A history of the Ford Escort – from Mk1 to Mk7 (Mark 6) 0

A-history-of-the-Ford-Escort-from-Mk1-to-Mk7-Mark-6Today is the penultimate chapter of our look back at the various generations of the Ford Escort. It’s fair to say, as the vehicle evolved, it didn’t necessarily improve. Marks I and II were fine vehicles, highly popular, trailblazers of their times, but by the time we got to Marks IV and V, things had got pretty shonky. The Mark V in particular was a terrible example. So as twilight began to glint on the Escort range, we today look at the second to last edition of the iconic hatchback. It’s the…

Ford Escort Mark VI (1992 – 1995)

There’s not so much to say about the Mark VI other then Ford simply took the Mark V and made it less terrible (and that wasn’t much of a stretch). So, how did they go about that? For starters they took the 1.6-litre CVH engines and replaced them with Zetecs. The styling was freshened up, and the car’s interiors were of a marginally higher quality – they’d been screwed together a bit better.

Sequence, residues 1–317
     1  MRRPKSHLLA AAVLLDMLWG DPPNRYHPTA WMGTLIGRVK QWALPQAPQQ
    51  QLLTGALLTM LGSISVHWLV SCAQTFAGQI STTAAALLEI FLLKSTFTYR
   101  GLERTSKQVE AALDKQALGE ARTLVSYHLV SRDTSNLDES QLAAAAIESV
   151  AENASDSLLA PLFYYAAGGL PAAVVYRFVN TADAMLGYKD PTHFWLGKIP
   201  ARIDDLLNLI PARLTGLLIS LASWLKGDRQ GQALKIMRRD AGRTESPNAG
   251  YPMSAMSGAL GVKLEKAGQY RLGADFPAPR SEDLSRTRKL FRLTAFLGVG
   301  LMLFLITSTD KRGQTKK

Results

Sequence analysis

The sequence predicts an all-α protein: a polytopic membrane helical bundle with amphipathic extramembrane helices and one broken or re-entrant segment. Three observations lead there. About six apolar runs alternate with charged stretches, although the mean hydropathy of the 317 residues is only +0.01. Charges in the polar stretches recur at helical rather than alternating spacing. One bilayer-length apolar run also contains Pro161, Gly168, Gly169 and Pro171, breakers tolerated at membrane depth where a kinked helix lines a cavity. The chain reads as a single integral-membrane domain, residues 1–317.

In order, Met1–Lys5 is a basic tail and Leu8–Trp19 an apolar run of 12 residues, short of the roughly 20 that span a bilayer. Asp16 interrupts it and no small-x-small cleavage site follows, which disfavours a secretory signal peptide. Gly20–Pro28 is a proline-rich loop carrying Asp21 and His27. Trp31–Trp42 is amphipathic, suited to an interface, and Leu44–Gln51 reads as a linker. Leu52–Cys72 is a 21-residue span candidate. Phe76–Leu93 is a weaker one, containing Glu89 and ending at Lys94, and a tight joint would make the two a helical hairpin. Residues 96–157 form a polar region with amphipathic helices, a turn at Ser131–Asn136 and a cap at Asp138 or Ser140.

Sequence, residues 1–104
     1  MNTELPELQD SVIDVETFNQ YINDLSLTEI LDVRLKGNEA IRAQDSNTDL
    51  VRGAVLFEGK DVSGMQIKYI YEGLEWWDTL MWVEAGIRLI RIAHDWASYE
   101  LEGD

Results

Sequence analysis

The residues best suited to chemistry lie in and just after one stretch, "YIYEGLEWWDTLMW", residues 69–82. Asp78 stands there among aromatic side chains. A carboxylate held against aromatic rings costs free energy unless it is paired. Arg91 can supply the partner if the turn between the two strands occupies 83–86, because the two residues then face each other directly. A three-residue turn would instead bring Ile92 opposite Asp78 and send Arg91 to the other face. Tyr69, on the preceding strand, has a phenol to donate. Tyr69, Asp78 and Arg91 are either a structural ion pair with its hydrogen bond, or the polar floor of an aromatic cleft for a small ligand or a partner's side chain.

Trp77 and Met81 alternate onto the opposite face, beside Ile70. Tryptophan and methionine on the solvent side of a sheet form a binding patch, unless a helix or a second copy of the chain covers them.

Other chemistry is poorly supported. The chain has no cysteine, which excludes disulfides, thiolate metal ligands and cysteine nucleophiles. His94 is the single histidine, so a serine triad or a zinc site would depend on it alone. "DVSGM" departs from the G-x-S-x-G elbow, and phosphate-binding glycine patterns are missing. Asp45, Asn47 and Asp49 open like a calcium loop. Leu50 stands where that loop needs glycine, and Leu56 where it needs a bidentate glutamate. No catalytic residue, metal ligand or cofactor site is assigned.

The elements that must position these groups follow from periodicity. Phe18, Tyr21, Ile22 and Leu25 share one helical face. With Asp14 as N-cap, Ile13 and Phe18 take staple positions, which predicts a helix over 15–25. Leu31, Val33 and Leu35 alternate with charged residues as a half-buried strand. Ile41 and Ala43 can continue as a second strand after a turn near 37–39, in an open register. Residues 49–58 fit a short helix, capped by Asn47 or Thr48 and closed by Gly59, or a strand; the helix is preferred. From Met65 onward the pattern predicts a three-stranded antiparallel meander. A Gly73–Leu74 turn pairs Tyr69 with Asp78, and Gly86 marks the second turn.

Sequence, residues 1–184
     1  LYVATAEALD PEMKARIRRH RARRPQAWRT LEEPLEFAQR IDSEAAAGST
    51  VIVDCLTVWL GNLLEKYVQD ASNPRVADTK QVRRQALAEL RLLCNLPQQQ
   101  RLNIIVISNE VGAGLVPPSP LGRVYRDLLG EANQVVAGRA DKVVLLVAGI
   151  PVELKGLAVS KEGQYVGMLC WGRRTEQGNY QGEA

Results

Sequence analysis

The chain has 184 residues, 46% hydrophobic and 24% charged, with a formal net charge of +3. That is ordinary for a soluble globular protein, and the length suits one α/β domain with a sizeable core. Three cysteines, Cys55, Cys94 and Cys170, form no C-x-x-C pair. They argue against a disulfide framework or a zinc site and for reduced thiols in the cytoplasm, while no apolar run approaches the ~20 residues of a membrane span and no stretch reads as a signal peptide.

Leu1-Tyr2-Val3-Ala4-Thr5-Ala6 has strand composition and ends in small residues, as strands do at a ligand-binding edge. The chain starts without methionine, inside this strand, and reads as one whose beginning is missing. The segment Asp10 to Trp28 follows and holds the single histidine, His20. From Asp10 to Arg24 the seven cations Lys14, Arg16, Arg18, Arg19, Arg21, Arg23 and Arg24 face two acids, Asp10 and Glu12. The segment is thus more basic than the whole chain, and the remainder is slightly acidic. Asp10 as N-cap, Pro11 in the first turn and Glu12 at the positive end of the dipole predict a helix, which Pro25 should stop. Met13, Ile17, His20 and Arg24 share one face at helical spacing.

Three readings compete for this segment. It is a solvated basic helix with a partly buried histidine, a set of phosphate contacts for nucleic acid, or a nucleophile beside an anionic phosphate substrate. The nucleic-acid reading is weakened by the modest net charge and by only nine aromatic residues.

Fuel injection became standard across the entire range and crash structures were improved. We started to see the introduction of airbags, and the RS2000 variant was fitted with a 4WD drivetrain. All these improvements aside, it was equated to a fairly bottom of the barrel offering. The interior plastics remained scratchy, and the ride was uneven and wobbly.

In 1993, Ford stopped using the Orion name – this is what Escort saloons had previously been called – and badged them ‘Escort’ too. Cynics might say this was merely a further cost saving exercise.

The Mark VI remained in production for just three years, before being superseded by the final generation. By now though, the sun was well and truly setting on the Escort range.

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